•    Note where the water level is on your dry continent clay by placing two toothpicks vertically into the clay where the water meets the clay. Compare the flat areas with the hilly ones.
•    Watch as the ice cubes start to melt. What happens to the water level in the bowl?
•    As it rises, position another toothpick or two to mark the new level.
•    In Antarctica, Greenland and other places where big ice sheets are surrounded by the ocean, sometimes big chunks of ice fall into the ocean after they have started to melt. To replicate this process, push one of the ice cubes into the water. (You might notice waves hitting your dry continent—although this is closer than it a neighboring continent in the real world, scientists think that a big piece of ice could cause large waves to hit land far away.)
•    Watch as the two ice cubes continue to melt. Which ice cube melts faster? What happened to the water level on your dry continent? Were the flat areas affected differently than the hilly ones?

Read on for observations, results and more resources.

Observations and results
What happened to the water level in the bowl? How did that affect water levels on the continent that didn't have any ice on it?

Why did the ice melt faster when it fell into the water? Denser materials, such as liquids or solids, carry energy better, so heat is transferred to the ice more quickly through liquid than it is through air, which warms up the ice and allows it to melt faster.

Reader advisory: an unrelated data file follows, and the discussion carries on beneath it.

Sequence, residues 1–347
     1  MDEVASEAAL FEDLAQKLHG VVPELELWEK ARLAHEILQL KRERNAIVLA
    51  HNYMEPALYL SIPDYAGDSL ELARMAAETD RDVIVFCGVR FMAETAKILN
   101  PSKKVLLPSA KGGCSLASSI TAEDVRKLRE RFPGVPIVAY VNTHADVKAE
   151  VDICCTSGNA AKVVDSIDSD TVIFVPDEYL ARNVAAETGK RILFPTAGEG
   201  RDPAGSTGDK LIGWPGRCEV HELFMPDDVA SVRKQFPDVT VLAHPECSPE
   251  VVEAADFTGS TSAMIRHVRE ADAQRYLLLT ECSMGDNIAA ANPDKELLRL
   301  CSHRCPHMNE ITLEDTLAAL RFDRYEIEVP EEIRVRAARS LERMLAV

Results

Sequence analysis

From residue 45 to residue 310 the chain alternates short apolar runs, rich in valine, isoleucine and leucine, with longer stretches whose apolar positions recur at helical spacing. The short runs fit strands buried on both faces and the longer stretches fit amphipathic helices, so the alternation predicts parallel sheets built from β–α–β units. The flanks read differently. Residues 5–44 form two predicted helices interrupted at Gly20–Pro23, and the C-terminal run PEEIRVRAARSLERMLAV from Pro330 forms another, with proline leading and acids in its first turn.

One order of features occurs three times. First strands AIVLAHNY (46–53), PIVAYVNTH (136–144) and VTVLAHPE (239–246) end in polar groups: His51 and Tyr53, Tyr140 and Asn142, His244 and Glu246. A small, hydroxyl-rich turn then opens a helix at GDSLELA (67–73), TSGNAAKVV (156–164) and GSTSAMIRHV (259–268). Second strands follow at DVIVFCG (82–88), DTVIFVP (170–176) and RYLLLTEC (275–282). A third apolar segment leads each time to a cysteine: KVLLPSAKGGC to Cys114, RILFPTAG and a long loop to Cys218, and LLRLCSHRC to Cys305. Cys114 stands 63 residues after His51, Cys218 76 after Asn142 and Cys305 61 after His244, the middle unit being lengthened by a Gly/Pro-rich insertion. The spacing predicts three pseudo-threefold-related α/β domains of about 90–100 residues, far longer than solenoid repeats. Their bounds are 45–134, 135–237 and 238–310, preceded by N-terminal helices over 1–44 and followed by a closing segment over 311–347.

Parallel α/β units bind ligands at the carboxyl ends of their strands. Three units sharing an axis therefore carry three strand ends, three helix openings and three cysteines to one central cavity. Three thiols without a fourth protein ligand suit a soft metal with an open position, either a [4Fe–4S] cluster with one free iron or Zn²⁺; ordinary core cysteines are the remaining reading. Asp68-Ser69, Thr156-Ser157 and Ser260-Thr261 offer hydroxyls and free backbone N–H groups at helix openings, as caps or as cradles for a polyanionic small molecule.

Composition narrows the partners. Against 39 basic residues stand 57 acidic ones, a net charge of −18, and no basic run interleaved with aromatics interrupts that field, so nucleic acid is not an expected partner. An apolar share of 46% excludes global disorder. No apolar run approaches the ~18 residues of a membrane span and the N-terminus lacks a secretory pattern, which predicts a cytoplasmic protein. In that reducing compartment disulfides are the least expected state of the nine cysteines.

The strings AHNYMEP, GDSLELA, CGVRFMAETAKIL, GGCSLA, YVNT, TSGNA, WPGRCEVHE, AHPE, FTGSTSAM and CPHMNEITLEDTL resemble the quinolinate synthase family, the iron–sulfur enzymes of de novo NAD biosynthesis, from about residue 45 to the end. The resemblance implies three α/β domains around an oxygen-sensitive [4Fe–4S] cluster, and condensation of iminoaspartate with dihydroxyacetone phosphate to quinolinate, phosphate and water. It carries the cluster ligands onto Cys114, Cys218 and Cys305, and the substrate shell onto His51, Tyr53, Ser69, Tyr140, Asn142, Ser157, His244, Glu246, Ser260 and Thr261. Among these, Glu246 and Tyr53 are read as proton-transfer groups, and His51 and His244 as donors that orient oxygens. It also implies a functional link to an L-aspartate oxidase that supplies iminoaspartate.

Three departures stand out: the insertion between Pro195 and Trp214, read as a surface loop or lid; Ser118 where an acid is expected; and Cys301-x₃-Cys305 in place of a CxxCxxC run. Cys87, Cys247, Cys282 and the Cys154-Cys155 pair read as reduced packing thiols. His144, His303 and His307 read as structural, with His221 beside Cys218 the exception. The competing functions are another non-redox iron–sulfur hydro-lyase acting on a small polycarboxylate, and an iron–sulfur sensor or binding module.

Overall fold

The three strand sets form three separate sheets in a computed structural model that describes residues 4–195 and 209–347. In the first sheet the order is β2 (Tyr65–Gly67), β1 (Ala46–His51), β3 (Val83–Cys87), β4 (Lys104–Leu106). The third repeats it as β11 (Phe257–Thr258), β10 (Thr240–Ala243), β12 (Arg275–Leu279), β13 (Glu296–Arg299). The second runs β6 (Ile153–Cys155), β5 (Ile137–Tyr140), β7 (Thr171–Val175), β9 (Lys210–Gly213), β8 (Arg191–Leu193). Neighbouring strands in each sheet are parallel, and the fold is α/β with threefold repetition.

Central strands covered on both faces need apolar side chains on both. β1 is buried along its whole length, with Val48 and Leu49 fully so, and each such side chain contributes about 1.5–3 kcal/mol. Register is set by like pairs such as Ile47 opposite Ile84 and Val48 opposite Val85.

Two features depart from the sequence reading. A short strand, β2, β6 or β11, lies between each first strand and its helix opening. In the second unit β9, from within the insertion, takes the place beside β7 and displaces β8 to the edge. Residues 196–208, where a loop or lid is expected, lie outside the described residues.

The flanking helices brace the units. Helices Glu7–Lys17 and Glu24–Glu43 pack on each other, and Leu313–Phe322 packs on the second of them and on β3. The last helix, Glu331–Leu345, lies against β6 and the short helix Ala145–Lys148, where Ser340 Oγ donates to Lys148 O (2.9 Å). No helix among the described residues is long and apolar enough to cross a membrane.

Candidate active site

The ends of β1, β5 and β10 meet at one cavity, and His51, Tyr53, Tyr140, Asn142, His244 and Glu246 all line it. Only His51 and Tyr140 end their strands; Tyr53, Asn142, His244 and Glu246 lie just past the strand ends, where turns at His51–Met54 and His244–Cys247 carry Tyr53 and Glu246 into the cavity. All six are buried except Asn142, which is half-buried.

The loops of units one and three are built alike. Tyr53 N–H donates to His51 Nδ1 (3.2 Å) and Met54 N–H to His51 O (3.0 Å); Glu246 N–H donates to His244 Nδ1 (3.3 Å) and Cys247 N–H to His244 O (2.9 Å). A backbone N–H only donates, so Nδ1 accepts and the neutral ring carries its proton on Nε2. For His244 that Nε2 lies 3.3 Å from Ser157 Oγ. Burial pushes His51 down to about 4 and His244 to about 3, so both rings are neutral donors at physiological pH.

These big ice sheets have frozen and melted many times in the past (producing ice ages with low sea levels and warm periods with high sea levels). But scientists have found that the ice in Antarctica is melting even faster than they thought it would. This is happening because humans have been producing carbon dioxide (for example, by running cars on gasoline) faster than plants can absorb it, which makes the Earth warmer—and much faster than has happened naturally in the past.

Reducing the amount of fossil fuels (such as gasoline for cars and coal burned for electricity) that we use can help slow how quickly the ice is melting (by slowing the rise in average temperatures). What are some ways you can help?

Share your sea level rise observations and results! Leave a comment below or share your photos and feedback on Scientific American's Facebook page.

Carefully remove the toothpicks. Remove the clay pieces from the bowl and pour the water out.

More to explore
"Polar Ice Sheets Melting Faster than Predicted" from Scientific American
"Casualties of Climate Change: Sea-level Rises Could Displace Tens of Millions" from Scientific American
"Climate Change Kids Site" from the Environmental Protection Agency
"Climate Kids" from NASA
A Hot Planet Needs Cool Kids: Understanding Climate Change and What You Can Do about It by Julie Hall and Sarah Lane, ages 4–8
A Kids' Guide to Climate Change & Global Warming: How to Take Action! by Cathryn Berger Kaye, ages 12 and up

Up next…
Recycle! Make Old Paper New

What you'll need
•    Newspaper
•    Blender
•    Metal coat hanger
•    Nylon pantyhose
•    Large mixing bowl
•    Paper towels
•    Warm water